Today was World Book Night, and I couldn't have been more excited! I had signed up to be a volunteer months ago, and I was really looking forward to participating in this event as a volunteer book giver. I picked up my 20 copies of The Absolutely True Diary of a Part-Time Indian last week, and was ready to head to the streets of southern California to give the gift of reading- free of charge. I don't normally enjoy giving critical feedback on things, however, I feel that like all experiences, there are the positives and the negatives. This story just happens to be the latter, and perhaps with the type of experience I had, the good people at World Book Night will be able to make a much more fulfilling event next year.
The weather today was a bit cloudy, one of those gloomy days where I think most people would rather stay inside than face the mood-altering effects of bad weather. I packed up my 20 copies of The Absolutely True Diary of a Part-Time Indian, along with a selection of book related giveaways I had received at SDCC this past year, just to have a wider selection of literary items to pass out. I brought my sister along for the ride, and we began our journey at the local Starbucks. Not only was there a huge amount of construction going on, there were also no customers with the exception of a few middle aged men enjoying their lattes and iPhones. After a while with no one to hand out books to, we decided to head over to another shopping center, which also had a Starbucks as well as many other shops and a Target, a great place with high traffic in my opinion. We dropped off 5 copies of the book at the Starbucks, who was taking children's book donations and were very grateful for our contribution. We brought the next 15 books over to the Target entrance, and tried handing them our there. I was at first surprised by the large number of people who were not interested in receiving free books. This stigma may come from the plethora of solicitors that inhabit the area, particularly religious groups handing out bibles and other paraphernalia. I decided to change up the way I approached people by asking if they would like a free young adult novel, rather than a free book, and explained the mission of World Book Night. This seemed to change people's reception a bit, but we were still only able to hand out around 5 copies. After about an hour, and thankfully no interference from the Target staff, we decided to head over to the local library, which is typically inhabited by homeless or low-income families, a location which is notorious for accepting donations.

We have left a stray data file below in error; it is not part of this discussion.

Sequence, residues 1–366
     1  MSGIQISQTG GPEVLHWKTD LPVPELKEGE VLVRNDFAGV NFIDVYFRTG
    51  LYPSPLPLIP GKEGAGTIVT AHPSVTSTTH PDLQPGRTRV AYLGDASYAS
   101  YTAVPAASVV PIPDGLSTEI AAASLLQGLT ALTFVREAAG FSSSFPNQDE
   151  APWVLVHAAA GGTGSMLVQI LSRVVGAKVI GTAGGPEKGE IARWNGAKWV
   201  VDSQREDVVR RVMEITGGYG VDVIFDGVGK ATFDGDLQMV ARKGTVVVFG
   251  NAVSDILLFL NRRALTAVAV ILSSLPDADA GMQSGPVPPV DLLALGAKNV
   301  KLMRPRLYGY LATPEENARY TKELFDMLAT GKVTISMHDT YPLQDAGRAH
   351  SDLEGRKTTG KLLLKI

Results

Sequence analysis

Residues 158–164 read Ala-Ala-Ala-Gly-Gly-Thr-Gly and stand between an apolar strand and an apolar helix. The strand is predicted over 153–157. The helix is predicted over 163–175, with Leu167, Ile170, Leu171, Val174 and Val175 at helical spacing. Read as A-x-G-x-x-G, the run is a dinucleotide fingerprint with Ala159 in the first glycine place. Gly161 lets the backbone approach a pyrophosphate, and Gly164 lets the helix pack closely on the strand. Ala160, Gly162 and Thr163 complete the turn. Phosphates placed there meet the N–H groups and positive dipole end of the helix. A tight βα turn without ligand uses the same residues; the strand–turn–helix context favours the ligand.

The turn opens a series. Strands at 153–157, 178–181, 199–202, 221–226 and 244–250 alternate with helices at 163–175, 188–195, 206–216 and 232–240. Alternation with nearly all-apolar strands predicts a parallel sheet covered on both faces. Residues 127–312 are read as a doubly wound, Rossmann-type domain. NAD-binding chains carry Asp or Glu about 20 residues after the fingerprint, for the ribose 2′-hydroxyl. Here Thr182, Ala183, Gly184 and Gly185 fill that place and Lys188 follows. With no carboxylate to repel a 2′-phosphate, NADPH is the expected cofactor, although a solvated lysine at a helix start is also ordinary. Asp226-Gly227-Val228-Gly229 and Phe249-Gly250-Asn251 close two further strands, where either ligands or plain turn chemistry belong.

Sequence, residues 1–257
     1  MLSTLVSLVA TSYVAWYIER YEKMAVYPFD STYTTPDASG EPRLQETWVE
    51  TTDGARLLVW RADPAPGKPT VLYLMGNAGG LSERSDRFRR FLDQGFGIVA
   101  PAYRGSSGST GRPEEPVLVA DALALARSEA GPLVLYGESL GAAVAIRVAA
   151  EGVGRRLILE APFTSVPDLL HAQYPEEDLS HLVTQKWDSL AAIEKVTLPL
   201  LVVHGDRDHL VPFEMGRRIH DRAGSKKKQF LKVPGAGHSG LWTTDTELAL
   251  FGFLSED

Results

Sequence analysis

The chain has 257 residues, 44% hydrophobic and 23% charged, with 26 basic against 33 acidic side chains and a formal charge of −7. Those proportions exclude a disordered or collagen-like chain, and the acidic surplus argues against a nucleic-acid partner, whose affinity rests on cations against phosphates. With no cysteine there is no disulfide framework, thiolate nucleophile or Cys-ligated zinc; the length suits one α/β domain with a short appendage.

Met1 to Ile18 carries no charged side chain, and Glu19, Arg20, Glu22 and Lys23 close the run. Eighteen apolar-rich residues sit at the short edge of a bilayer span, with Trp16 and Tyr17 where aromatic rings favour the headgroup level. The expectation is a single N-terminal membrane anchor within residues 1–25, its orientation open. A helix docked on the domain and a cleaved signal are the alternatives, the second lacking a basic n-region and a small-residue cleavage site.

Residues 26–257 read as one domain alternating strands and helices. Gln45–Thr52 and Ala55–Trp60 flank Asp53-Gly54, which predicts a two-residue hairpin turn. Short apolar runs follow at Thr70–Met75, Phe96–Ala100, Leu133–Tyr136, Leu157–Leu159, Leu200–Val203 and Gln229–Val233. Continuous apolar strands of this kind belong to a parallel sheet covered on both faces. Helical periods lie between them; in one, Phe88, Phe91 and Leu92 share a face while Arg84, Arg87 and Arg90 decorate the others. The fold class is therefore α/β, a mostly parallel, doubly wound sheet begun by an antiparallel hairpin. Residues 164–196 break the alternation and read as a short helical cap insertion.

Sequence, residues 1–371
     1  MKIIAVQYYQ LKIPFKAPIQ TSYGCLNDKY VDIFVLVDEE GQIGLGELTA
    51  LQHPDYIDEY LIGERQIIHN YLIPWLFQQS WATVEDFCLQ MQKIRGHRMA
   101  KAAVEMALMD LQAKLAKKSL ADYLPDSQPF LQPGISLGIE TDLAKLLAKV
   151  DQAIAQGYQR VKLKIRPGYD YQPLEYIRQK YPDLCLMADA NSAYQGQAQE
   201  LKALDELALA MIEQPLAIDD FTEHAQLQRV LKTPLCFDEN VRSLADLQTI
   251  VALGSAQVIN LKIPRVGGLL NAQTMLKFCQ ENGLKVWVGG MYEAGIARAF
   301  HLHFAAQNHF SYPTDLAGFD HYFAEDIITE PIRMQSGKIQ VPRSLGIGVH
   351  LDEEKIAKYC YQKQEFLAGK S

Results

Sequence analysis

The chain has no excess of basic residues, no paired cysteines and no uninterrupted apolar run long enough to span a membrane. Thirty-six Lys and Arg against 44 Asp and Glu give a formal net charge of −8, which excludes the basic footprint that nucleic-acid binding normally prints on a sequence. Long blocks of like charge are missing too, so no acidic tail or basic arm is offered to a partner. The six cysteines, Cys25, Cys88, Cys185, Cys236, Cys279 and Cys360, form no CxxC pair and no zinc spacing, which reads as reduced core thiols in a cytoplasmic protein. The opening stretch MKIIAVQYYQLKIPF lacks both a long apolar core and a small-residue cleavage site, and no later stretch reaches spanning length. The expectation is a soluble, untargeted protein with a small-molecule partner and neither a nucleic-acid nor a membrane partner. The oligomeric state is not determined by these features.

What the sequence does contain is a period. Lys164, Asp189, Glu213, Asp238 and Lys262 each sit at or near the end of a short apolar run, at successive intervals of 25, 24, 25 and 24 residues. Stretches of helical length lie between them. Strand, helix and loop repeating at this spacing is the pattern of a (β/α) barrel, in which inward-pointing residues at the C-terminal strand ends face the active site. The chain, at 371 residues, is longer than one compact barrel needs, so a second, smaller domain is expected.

We were greeted by a rather unpleasant librarian, who promptly turned us away, on account of not knowing how she would even begin to give out the remaining copies of the book we had. I was stunned, to be quite frank. It is very unusual for a library to deny the opportunity to spread the importance of literacy, and yet that was happening right here in my very town. We decided to drop off the remaining copies at the Starbucks we had visited earlier. Maybe it's the location that I live in, maybe it's the areas I choose to give out the books, perhaps the gloomy weather had something to do with it, but it seems to me to be a testament to our society how little reluctance, and dare I say hostility, there is towards reading or accepting a free book from a stranger. I feel our society has become far too self-absorbed to even stop to acknowledge a good thing a person is trying to do. What a shame. However, I am taking this as a learning experience, and I hope to offer my input to the World Book Night group so that we may make next year's event more pleasant and efficient than 2012. It might be more beneficial to take cues from Free Comic Book Day, and simply have volunteers man booths at prominent locations throughout the U.S. It may make people feel more comfortable to accept something from a group with a banner than a girl with a mockingjay pin.
What are some tips you would like to send the people to WBN after reading this experience? Would you sign up for this event next year if they use this same distribution method?